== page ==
House approves increased tax on fund managers

The House of Representatives has narrowly passed a bill that aims to raises taxes on private equity and hedge fund managers by roughly $48 billion. The bill now heads to the Senate, and if approved, is likely to be vetoed by President Bush.

Tax legislation that includes more than doubling the tax rate on carried interest has been approved by the US House of Representatives, by a vote of 216-193.

“The relatively small margin by which the House today passed legislation raising taxes on private equity, venture capital and real estate partnerships demonstrates widespread concern about this new investment tax,” the Private Equity Council, an industry lobbying group, said in a statement. “The Private Equity council will continue its efforts to persuade the Senate that the House bill could dampen economic growth at a time of an unsettled economy and gyrating financial markets.”

Charles Rangel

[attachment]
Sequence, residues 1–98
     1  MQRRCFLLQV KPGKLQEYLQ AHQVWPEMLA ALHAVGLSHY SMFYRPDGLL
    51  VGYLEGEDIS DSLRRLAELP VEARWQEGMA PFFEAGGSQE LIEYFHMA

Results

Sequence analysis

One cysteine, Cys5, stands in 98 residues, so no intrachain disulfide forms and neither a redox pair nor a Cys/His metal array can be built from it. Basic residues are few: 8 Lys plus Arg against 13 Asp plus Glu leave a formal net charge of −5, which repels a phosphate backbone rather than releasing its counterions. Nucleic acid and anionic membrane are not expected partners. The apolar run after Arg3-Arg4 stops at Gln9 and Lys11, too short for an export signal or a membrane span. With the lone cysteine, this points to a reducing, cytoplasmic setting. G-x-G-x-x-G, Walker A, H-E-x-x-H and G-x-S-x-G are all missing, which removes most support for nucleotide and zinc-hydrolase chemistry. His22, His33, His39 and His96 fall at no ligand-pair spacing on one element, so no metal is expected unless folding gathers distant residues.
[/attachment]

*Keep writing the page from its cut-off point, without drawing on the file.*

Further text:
Introduced by Ways and Means Committee Chairman Charles Rangel, the bill centres around abolition of the Alternative Minimum Tax act; it proposes to counterbalance the $48 billion in tax revenue that would be lost from the act’s repeal by increasing taxes for the alternative investment industries.

The bill would cause carried interest to lose its capital gains tax treatment, a rate of 15 percent, and be taxed as ordinary income at a rate of 35 percent. Rangel, who has called his bill the “mother of all tax bills”, estimates raising the tax on carry would generate $25.7 billion in a 10-year period. The bill also would force hedge fund managers to pay tax on any compensation deferred to offshore bank accounts.

The Private Equity Council, National Venture Capital Association and the International Council of Shopping Centers have come out in opposition to the legislation, which Republicans including New York Congressman Thomas Reynolds and Missouri Congressman Roy Blunt, the House's second-ranking Republican and party whip, are calling “the mother of all tax hikes”.

The House vote was for the most part along party lines, with all Republicans and eight Democrats voting against the bill. It now heads to the Senate, whose finance committee has held numerous hearings on private equity and carried interest taxation, and thus far failed to reach a consensus that its designation should be changed to ordinary income.

Should the Senate pass the bill, the Bush administration has indicated it would exercise its veto power.